New Posts

Feb 8, 2016

Top 400 Taxpayers See Tax Rates Rise, But There’s More to the Story

As Americans were gathering party supplies to greet the New Year, the Internal Revenue Service released their annual report of cumulative tax data reported on the 400 tax r...

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Feb 4, 2016

Chlorine Bleach Plants Needlessly Endanger 63 Million Americans

Chlorine bleach plants across the U.S. put millions of Americans in danger of a chlorine gas release, a substance so toxic it has been used as a chemical weapon. Greenpeace’s new repo...

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Jan 25, 2016

U.S. Industrial Facilities Reported Fewer Toxic Releases in 2014

The Toxics Release Inventory (TRI) data for 2014 is now available. The good news: total toxic releases by reporting facilities decreased by nearly six percent from 2013 levels. Howe...

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Jan 22, 2016

Methane Causes Climate Change. Here's How the President Plans to Cut Emissions by 40-45 Percent.

  UPDATE (Jan. 22, 2016): Today, the Bureau of Land Management (BLM) released its proposed rule to reduce methane emissions...

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Congressional Research Service Details Latest Shutdown Developments at the Defense Department

On Oct. 7, the Congressional Research Service updated its report on how a lapse in appropriations – in other words, a government shutdown – is affecting the Department of Defense (DoD). The Center for Effective Government obtained the report and is making it publicly available.

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A Prolonged Government Shutdown Would Impact Contractors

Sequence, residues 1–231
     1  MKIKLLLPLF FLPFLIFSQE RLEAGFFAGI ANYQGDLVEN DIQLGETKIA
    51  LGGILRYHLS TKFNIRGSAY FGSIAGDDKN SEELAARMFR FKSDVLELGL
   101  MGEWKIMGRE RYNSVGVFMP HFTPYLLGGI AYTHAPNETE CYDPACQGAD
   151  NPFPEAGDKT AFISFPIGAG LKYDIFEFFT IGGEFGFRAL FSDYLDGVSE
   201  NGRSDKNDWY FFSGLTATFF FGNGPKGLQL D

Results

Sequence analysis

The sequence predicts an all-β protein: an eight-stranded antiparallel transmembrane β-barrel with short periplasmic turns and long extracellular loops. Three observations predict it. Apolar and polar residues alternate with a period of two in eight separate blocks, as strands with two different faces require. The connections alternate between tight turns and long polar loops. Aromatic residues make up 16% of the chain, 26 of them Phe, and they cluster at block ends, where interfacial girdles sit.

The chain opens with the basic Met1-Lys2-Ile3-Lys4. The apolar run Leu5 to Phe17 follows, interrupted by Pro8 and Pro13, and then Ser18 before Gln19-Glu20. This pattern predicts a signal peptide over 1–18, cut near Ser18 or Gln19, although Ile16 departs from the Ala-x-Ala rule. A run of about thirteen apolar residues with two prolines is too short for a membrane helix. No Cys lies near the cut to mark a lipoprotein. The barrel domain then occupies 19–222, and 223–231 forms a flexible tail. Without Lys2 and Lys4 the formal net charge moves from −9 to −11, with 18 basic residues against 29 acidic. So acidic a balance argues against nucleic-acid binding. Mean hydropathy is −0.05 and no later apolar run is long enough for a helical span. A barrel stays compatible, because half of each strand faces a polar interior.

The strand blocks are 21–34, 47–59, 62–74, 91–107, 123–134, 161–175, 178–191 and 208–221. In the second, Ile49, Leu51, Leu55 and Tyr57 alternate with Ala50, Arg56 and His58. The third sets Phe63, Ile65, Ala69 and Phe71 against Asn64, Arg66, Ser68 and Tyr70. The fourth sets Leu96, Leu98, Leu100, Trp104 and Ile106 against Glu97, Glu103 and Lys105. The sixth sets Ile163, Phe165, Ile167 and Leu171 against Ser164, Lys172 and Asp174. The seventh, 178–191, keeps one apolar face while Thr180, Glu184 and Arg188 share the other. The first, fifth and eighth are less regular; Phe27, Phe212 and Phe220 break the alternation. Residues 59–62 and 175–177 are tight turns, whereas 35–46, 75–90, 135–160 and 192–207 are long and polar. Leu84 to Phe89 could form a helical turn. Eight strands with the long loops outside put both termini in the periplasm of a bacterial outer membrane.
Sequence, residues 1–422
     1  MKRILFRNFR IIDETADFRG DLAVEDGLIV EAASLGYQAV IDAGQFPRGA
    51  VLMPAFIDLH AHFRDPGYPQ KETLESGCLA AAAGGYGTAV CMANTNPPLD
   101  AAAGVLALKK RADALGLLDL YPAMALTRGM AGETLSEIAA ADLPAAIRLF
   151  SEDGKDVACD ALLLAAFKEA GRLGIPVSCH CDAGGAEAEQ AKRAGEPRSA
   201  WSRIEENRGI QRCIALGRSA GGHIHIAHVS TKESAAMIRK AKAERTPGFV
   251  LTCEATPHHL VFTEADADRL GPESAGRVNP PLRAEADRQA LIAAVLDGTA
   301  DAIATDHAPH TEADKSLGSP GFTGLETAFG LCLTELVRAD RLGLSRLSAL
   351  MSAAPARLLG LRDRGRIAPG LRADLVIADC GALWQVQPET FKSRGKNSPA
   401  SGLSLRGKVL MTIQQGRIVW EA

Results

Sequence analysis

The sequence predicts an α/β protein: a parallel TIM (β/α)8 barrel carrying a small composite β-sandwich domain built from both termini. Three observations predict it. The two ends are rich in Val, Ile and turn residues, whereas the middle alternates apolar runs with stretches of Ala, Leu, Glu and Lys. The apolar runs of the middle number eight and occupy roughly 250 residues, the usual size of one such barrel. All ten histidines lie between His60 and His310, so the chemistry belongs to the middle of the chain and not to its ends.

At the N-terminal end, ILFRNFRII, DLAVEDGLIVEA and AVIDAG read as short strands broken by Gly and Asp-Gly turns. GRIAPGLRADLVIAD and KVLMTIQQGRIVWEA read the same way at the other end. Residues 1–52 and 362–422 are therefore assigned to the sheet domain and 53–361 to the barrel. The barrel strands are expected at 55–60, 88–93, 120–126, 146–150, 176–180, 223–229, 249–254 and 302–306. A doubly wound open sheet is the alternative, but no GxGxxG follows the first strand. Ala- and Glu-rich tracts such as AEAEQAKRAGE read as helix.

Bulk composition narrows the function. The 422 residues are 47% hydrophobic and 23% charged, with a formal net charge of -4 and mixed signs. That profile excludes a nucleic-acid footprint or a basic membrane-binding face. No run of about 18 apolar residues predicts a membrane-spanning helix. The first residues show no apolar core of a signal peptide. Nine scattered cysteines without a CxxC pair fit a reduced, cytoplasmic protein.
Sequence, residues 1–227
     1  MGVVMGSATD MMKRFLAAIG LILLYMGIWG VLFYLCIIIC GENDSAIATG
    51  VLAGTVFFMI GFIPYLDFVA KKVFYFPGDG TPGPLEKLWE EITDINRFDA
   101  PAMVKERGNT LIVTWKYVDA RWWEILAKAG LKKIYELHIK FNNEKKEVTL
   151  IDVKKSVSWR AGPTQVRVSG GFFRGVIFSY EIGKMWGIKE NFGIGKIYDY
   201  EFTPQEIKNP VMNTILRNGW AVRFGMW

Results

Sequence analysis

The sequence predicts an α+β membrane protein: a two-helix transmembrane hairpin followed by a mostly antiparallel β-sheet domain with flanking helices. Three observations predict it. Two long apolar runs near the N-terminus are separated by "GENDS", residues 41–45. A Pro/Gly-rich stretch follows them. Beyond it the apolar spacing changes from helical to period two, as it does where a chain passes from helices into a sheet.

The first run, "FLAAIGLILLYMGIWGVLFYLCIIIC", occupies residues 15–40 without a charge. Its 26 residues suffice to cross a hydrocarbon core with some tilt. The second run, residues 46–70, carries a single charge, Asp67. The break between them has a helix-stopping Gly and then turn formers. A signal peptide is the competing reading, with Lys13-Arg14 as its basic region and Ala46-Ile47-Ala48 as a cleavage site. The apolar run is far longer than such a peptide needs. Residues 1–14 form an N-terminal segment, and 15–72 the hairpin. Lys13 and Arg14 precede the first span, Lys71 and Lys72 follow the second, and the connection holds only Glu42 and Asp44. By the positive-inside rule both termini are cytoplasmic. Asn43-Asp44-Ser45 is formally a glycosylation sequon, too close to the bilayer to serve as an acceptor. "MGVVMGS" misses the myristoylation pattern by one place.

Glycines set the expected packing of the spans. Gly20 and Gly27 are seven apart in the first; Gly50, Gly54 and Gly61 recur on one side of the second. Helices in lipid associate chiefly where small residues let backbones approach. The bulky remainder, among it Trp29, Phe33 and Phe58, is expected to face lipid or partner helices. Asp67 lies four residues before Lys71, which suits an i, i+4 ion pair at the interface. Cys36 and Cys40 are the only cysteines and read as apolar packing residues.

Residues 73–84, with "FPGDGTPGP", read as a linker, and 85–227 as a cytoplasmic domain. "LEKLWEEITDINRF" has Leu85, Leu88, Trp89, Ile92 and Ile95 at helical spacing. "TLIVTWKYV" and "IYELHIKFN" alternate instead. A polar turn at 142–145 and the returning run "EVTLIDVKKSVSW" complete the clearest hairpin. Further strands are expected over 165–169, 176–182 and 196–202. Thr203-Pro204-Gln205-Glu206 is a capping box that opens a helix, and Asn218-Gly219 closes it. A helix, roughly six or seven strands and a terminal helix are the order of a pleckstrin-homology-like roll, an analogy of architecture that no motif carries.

A government shutdown, particularly if it is prolonged, will affect more than just federal workers and their families. The large number of people employed by federal contractors and subcontractors could be at risk of furloughs, delays in pay, and adverse impacts to the companies they work for.

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Watchdog’s Recommendation Boosts DATA Act

Congress's watchdog office recommended that Congress pass legislation to advance federal spending transparency efforts across the government in a report released late last week. This is a major boon to advocates of the Digital Accountability and Transparency Act (DATA Act) of 2013 – legislation being considered by the House and the Senate.

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Penny Wise, Pound Foolish: Cuts to Auditors Cost Us More in Savings

Cuts due to sequestration at the Defense Contract Audit Agency (DCAA) led to higher contract costs that are larger than the cuts, according to DCAA estimates provided to the Center for Effective Government.

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Whistleblower Reveals U.S. Spy Agencies' Secret Budget

Details on the secret U.S. spy budget spilled into the public realm yesterday after The Washington Post published selective pages from the 16-agency intelligence community’s fiscal year 2012 congressional budget justification, leaked by former Booz Allen Hamilton employee Edward Snowden.